We have been in Dresden three whole days, and as yet my aspirations have not met their fulfillment. We have met no one we know. We have borrowed the Visitors’ Book from the porter, and diligently searched it. We have expectantly examined the guests at the tables d’hote every day, but with no result. It is too early in the year. The hotel is not half full. Of its inmates one half are American, a quarter German, and the other quarter English, such as not the most rabidly social mind can wish to forgather with. At the discovery of our ill-success, Sir Roger looks so honestly crestfallen that my heart smites me.
“How eager you are!” I say, laying my hand on his, with a smile. “You are far more anxious about it than I am! I begin to think that you are growing tired of me already! As for me,” continue I, nonchalantly, seeing his face brighten at my words, “I think I have changed my mind. Perhaps it would be rather a bore to meet any acquaintance, and—and— we do very well as we are, do not we?”
“Is that true, Nancy?” he says, eagerly. “I have been bothering my head rather with the notion that I was but poor company for a little young thing like you; that you must be wearying for some of your own friends.”
“I never had a friend,” reply I, “never—that is—except you! The boys”—(with a little stealing smile)—“always used to call you my friend—always from the first, from the days I used to take you out walking, and keep wishing that you were my father, and be rather hurt because I never could get you to echo the wish.”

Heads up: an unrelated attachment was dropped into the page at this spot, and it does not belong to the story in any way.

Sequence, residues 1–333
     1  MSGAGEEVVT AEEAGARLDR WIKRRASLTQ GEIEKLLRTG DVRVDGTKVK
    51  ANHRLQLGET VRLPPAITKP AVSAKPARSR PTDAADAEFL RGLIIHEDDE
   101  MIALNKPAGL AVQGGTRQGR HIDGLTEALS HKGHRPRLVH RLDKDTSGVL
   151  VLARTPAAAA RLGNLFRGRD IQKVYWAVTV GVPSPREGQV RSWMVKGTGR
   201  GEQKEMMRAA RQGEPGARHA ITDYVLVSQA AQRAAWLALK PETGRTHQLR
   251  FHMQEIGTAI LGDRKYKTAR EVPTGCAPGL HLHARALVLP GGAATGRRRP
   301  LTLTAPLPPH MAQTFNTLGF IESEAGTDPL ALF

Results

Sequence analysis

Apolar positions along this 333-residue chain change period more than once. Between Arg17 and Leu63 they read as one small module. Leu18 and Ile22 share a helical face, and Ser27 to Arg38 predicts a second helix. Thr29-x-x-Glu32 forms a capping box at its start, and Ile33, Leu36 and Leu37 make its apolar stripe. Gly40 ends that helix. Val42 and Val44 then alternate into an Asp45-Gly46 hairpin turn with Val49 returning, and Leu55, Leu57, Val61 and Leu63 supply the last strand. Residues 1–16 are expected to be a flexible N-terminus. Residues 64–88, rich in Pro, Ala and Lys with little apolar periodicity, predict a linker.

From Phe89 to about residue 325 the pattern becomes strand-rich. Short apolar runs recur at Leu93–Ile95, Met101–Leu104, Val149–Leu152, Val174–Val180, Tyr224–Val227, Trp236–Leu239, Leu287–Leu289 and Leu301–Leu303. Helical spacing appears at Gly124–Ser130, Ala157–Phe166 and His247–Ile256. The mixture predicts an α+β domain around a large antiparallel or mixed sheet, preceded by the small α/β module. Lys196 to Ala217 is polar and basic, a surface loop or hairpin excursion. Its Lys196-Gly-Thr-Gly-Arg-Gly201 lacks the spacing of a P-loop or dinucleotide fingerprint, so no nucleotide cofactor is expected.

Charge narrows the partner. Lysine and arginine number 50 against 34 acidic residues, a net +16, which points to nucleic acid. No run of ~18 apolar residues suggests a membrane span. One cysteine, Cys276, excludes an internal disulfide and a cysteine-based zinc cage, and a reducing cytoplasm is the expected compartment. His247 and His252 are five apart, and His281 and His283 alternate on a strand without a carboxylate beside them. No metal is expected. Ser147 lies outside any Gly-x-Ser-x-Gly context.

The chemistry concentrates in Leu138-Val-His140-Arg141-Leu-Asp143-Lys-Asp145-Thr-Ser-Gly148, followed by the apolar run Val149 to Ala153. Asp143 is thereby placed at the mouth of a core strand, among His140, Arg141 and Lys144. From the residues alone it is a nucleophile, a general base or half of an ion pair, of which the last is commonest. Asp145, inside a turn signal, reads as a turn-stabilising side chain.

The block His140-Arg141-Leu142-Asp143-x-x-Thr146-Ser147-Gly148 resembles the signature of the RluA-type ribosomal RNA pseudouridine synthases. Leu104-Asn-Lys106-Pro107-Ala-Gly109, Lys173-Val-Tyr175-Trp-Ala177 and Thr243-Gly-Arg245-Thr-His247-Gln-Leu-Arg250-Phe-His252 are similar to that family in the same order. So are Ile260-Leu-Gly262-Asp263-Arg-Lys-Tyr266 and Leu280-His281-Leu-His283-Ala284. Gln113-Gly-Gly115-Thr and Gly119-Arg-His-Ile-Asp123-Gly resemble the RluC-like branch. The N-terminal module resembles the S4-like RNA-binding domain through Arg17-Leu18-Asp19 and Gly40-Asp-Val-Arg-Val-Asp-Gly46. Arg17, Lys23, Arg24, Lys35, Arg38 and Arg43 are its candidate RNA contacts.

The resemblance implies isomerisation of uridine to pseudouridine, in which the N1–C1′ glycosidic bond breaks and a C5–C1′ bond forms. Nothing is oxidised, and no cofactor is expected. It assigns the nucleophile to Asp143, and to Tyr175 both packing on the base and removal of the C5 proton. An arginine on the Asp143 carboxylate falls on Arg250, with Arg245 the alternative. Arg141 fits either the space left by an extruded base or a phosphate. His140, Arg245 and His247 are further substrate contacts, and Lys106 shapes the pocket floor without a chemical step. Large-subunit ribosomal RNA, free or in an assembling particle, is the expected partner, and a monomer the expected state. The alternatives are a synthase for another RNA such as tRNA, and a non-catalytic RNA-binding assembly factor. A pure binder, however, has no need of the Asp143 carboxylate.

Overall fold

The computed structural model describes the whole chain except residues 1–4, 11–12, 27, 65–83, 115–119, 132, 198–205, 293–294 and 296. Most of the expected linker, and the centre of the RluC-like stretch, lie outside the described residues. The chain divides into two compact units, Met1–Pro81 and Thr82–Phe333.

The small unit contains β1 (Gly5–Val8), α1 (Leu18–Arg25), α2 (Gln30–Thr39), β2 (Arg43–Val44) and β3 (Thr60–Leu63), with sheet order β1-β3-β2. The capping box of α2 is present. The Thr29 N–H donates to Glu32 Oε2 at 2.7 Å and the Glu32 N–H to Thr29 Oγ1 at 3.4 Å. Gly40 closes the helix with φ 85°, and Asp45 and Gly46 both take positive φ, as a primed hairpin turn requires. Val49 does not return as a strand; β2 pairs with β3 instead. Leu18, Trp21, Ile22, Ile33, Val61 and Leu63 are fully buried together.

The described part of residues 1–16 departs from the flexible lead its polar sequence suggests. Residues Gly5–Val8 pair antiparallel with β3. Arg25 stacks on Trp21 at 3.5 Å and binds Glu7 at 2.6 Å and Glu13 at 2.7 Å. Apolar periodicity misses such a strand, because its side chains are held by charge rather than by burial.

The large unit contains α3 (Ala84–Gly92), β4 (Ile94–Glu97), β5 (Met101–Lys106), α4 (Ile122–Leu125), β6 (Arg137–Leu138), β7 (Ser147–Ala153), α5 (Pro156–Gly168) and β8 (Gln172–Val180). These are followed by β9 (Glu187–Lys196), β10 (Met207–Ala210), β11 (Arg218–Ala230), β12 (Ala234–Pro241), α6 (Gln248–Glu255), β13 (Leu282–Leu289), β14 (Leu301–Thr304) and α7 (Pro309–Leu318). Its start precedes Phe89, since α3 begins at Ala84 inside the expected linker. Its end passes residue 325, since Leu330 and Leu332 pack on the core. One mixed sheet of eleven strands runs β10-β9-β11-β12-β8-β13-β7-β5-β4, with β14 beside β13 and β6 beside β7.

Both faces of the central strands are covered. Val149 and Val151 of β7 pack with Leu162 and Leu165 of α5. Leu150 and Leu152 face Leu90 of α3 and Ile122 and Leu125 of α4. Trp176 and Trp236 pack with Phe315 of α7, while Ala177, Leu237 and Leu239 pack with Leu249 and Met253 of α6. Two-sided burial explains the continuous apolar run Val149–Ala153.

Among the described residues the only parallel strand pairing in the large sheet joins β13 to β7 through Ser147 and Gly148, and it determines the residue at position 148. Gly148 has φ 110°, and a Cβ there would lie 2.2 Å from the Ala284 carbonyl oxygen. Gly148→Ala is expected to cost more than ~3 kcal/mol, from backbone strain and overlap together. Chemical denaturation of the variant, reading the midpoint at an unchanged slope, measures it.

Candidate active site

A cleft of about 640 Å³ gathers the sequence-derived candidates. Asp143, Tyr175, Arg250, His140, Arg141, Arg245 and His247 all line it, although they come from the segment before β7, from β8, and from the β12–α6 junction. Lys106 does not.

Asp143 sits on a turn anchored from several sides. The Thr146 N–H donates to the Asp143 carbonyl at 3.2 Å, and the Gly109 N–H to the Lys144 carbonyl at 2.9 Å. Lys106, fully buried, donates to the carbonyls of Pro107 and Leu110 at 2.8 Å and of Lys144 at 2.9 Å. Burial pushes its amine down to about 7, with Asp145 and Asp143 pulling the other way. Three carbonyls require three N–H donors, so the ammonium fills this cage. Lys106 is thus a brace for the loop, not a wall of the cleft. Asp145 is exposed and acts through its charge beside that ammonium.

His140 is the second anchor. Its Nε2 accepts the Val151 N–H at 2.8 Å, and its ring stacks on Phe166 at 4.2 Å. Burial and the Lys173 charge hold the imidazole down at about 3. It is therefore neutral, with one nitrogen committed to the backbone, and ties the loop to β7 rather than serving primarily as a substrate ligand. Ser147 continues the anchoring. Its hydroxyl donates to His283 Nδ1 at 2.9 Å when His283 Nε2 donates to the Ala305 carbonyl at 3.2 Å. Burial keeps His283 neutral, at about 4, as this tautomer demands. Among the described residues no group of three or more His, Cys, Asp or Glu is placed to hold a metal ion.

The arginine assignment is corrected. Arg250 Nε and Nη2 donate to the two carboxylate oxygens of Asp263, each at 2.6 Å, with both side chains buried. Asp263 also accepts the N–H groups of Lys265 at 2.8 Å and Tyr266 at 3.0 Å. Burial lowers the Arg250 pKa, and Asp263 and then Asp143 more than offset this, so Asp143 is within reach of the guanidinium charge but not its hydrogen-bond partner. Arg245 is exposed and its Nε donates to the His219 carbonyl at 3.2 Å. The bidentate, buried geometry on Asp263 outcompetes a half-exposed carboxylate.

“And you are not much disappointed really?” he says, with a wistful persistence, as if he but half believed the words my lips made. “If you are, mind you tell me, child—tell me every thing that vexes you— always!”
“I will tell you every thing that happens to me, bad and good,” reply I, quite gayly, “and all the unlucky things I say—there, that is a large promise, I can tell you!”
I am no longer dusty and grimy; quite spick and span, on the contrary; so freshly and prettily dressed, indeed, that the thought will occur to me that it is a pity there are not more people to see me. However, no doubt some one will turn up by-and-by. The weather is serenely, evenly fine. It seems as if no rain could come from such a high blue sky. It is late afternoon or early evening. Since dinner is over—dinner at the godless hour of half-past four—I suppose we must call it evening. Sir Roger and I are driving out in an open carriage beyond the town, across the Elbe, up the shady road to Weisserhoisch. The calm of coming night is falling with silky softness upon every thing. The acacias stand on each side of the highway, with the delicate abundance of their airy flowers, faintly yet most definitely sweet on the evening air.
I look up and see the crowded blooms drooping in pensive beauty above my head. The guelder-rose’s summer snow-balls, and the mock-orange with its penetrating odor, whiten the still gardens as we pass. The billowy meadow-grass, the tall red sorrel, the untidy, ragged robin, all the yearly-recurring May miracles! What can I say, O my friends, to set them fairly before you?